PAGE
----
By: Steven Goodman – Asst. Opinions editor
Christmas Day, at least for my family, is a time, once all the presents have been opened, to go and see whatever movie is at the top of our list. Normally, the biggest dilemma is deciding which movie to see. This past Christmas, movies became a much bigger issue when Sony Pictures decided to cancel the release of “The Interview” on Dec. 25.
“The Interview” was the most recent Seth Rogen and James Franco comedy that earned a particularly bad reputation in North Korea long before its release. Why? Because the plot of this movie involved a plan by the CIA to assassinate North Korea’s leader, Kim Jong-un.
Naturally, Kim Jong-un was somewhat perturbed by this, going so far as to call the movie an “act of war.” That comment was just the stepping stone to a massive battle over the release of “The Interview” and an equally large cyber attack against Sony, which was linked to North Korea.
Ultimately, Sony pulled “The Interview” from its Christmas debut, originally canceling the premiere altogether. While they shouldn’t have canceled the film, did they actually have a choice? After all, nearly every major theater chain in the U.S. stated that they would not screen “The Interview.” When you have no place to show your movie, there’s no reason to release it at all.
Still, both Sony and the various theaters who canceled their premieres should have listened to the government officials who spoke out against the threats. The individuals that spoke made clear there was absolutely no evidence of a plan for a physical attack on a movie theater or Sony’s studios.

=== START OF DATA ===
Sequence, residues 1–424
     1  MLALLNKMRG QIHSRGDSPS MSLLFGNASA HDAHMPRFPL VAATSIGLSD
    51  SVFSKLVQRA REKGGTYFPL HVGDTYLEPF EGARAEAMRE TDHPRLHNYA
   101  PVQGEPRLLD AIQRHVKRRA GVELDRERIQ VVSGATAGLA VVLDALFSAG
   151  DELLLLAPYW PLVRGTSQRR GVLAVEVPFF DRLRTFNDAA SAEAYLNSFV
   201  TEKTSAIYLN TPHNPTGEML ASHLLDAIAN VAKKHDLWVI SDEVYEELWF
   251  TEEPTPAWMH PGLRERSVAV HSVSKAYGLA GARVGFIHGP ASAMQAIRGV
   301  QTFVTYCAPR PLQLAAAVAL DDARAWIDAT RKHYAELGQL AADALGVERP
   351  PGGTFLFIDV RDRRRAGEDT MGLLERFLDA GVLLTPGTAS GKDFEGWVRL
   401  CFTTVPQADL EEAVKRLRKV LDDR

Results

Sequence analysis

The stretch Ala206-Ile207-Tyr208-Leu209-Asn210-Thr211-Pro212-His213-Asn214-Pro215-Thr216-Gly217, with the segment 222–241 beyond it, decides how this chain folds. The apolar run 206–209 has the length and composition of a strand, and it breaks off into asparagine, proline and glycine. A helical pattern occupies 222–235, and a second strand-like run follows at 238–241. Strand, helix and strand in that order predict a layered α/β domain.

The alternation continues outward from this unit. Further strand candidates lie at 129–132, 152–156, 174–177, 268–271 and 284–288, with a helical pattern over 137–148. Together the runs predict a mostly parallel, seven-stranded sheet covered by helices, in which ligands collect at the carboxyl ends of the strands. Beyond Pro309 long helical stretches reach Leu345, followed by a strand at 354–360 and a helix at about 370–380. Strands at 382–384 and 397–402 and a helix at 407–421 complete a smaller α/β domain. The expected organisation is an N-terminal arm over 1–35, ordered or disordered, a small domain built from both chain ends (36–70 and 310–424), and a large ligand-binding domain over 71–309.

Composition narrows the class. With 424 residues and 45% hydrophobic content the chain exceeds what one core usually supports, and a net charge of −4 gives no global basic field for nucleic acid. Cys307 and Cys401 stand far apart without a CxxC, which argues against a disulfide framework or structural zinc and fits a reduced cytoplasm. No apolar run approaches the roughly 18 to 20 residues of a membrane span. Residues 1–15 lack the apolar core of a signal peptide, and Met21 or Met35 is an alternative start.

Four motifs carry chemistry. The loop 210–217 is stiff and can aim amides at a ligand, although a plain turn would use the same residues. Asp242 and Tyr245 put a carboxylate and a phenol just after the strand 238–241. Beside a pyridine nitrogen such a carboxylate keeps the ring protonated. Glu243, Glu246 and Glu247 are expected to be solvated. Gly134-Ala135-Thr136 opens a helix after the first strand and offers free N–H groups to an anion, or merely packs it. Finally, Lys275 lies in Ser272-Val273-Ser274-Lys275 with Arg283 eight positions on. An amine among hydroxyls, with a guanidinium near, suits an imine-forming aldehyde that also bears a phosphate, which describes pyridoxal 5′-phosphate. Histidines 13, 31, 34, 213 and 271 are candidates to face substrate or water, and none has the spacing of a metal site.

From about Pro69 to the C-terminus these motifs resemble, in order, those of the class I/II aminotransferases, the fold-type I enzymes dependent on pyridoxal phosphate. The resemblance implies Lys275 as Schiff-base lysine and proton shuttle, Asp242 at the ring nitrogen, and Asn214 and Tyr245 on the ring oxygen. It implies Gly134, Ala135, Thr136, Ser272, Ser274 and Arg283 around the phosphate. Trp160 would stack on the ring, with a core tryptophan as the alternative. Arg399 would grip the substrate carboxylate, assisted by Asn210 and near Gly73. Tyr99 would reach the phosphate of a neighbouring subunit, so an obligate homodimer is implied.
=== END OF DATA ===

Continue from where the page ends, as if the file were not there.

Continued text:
If there had been any indication that an attack was going to occur, I would be behind Sony 100 percent on pulling the film, but there wasn’t. Instead, empty threats were made in relation to “The Interview” from a country that throws around the phrase “act of war” far too casually to begin with.
There’s a reason it’s called terrorism: those that use it are trying to incite terror within a large group of people. When these mostly empty threats from terrorists are given into is when they begin to win. The goal of these terrorist groups is to keep us in fear of leaving our homes, and it’s a ploy Sony and movie theaters around the country accepted far too quickly.
The path that Sony and the theaters should have taken is one that involves some detective work. Look into the threats that are being made toward films like “The Interview” and work with organizations such as the FBI, CIA or Department of Homeland Security to see if there is any credibility to these threats.
After learning the facts is when a final decision should be made. There’s no point in acting immediately if there is no legitimate threat, like in the case of this movie. I’m glad that at least Sony decided to release “The Interview” online and as a limited run on the big screen, even if it was only as an afterthought.